It is not merely the actions of the Baron that convince us of his villainy, it is of course the way he commits such acts. Whilst Colin Clive regarded the body parts and the corpse of his soon to be creation with an almost tenderness, Cushing plunders the bodies of the good and bad with a barely contained glee. The cocky self-assuredness of the Baron’s superior intelligence compared to others, coupled with a child-like petulance and an inability to accept blame for his own evil actions, makes for a truly deplorable yet lovable villain. Even though the first act of his creation once filled with life was to crush Victor Frankenstein’s throat and squeeze the very life out of him, Victor remains overjoyed that he has succeeded in creating life, be it one of pure evil. Truly, then, Frankenstein and his creation are a perfect match; surely this snarling creature filled with bloodlust is an extension of Victor’s own psychopathy – his cold disregard for other’s lives comes to fruition with the monster gobbling up the likes of an old blind man and his young grandson.
Cushing’s energetic performance fizzing with gleeful wickedness was key to reinventing horror as the gory, thrilling, action-packed genre it is known as today. Thus begins Peter Cushing’s long love affair with Shelley’s novel, the actor going on to play the Baron five more times.
2. The Brides of Dracula (1960)
Despite Peter Cushing being known for his wonderful turns as movie villains, his archetypal role stems from his part as Dr Van Helsing, originating in Hammer Films’ production Dracula (1958). Since its release, the whole filmography of British B Movies has been dominated by the universal truth that redemption will come in the shape of Peter Cushing, usually as some kind of doctor or scientist.
In the same way that Cushing is synonymous with Hammer Horror’s Frankenstein franchise, it is usually Christopher Lee that is associated with its Dracula series. Lee did, however, turn down the opportunity to reprise his role of Dracula in this, Hammer’s second vampire movie (he eventually returned to the role in Dracula: Prince of Darkness in 1966), and as such Brides of Dracula is very much the Peter Cushing show.
Often cited as a fan favourite, Brides of Dracula really is one of those perfect Hammer Horrors. A broad and talented cast, opulently dressed sets and gorgeous costumes mask Hammer’s modest budget. The time of its release in 1960 represented a point in Hammer Horror’s history in which the production company had managed to strike up the perfect thematic balance – a delicate concoction of revulsion and sex appeal.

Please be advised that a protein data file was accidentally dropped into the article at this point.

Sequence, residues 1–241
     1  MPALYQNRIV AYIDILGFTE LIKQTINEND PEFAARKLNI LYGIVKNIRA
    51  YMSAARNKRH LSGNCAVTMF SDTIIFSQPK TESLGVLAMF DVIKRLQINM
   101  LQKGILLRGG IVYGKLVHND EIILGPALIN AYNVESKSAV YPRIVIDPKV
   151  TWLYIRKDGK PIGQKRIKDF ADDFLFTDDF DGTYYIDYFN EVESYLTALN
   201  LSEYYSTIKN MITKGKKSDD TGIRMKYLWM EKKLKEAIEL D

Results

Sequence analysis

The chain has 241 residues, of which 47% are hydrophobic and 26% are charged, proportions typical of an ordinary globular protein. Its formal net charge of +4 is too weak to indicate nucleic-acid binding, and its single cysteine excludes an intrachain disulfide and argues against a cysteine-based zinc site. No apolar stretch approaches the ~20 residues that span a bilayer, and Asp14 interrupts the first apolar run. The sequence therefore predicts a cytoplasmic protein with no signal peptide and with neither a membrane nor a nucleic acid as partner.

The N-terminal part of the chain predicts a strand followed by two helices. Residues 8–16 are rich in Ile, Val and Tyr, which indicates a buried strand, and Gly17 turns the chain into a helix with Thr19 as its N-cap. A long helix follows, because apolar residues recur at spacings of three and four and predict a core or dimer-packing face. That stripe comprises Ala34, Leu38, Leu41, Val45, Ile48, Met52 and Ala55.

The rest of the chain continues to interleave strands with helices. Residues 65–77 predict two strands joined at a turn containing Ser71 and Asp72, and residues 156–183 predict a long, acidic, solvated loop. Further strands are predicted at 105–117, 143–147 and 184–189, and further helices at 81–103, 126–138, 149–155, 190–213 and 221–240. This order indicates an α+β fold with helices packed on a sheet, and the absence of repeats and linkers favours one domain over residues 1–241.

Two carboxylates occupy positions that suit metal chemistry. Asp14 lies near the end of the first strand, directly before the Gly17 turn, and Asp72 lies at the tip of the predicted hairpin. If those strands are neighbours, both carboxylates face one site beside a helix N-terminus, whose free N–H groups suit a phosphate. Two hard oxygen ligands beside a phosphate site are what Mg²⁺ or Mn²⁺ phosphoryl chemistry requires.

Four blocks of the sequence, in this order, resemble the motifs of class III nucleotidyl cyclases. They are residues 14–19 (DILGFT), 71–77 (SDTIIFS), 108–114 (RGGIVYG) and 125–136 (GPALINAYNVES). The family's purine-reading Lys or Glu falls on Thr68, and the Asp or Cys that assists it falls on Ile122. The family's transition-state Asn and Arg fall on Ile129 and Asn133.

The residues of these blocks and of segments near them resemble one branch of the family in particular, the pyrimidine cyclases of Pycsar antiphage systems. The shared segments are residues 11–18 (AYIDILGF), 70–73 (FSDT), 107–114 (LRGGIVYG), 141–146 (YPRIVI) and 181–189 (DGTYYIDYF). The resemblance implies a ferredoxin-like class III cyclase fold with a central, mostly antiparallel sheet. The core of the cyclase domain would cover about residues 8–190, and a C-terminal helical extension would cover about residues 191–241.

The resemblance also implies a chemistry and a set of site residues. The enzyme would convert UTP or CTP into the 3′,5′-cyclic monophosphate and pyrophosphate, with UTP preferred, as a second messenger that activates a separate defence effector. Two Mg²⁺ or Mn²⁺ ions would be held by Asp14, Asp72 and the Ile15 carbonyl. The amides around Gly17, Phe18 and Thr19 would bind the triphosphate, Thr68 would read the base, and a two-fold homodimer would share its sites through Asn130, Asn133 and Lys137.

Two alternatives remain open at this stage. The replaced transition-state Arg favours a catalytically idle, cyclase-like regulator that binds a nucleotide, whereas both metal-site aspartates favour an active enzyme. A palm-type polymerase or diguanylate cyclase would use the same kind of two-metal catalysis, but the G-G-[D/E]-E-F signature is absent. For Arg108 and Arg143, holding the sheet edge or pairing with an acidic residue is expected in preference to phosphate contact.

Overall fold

The maintenance of Bride of Dracula‘s status as a campy horror can be almost completely attributed to Cushing’s performance. Many moments of the film are genuinely laughable: the vampire bat attacks were made with an inferior prop (as the proper one was stolen) and there is an overbearing use of Christian symbology, with probably at least fifty percent of the principle shooting involving crucifixes (not to mention constant and hilarious church organ movements throughout the film’s score).
Not for a moment is the film’s illusion shattered by unintentional comedy however, and this is all because of the sheer dedication of Cushing’s performance. Peter Cushing in all of his B movie career can never be accused of phoning it in, and Brides of Dracula is no exception. Through an absolutely straight performance in which Helsing brandishes his crucifix and holy water like the deadliest of weapons, we are able to put our full confidence behind this character and truly believe that he could hold back the forces of hell singlehandedly. Coupled with the intensity of the performance, Cushing’s Van Helsing makes for a beloved yet unexpected action hero.
With an almost shockingly gaunt appearance and most definitely in his late forties, Cushing’s Van Helsing is no Captain America. But, despite his mould as a mentor, Van Helsing is the one that gets his hands dirty as opposed to a younger protégée. With his secret weapon of a hidden sprightliness that is released in moments of antagonism, not only are his enemies bowled over but so are we – his release of this pent up energy tricks us into thinking we have watched a fight sequence comparable to that of current cinema, only far more interesting. Confrontations within Hammer Films, especially when Cushing is involved, have a swashbuckling quality rarely seen in the modern fight scenes of today’s motion pictures, which are rendered almost clinical in comparison.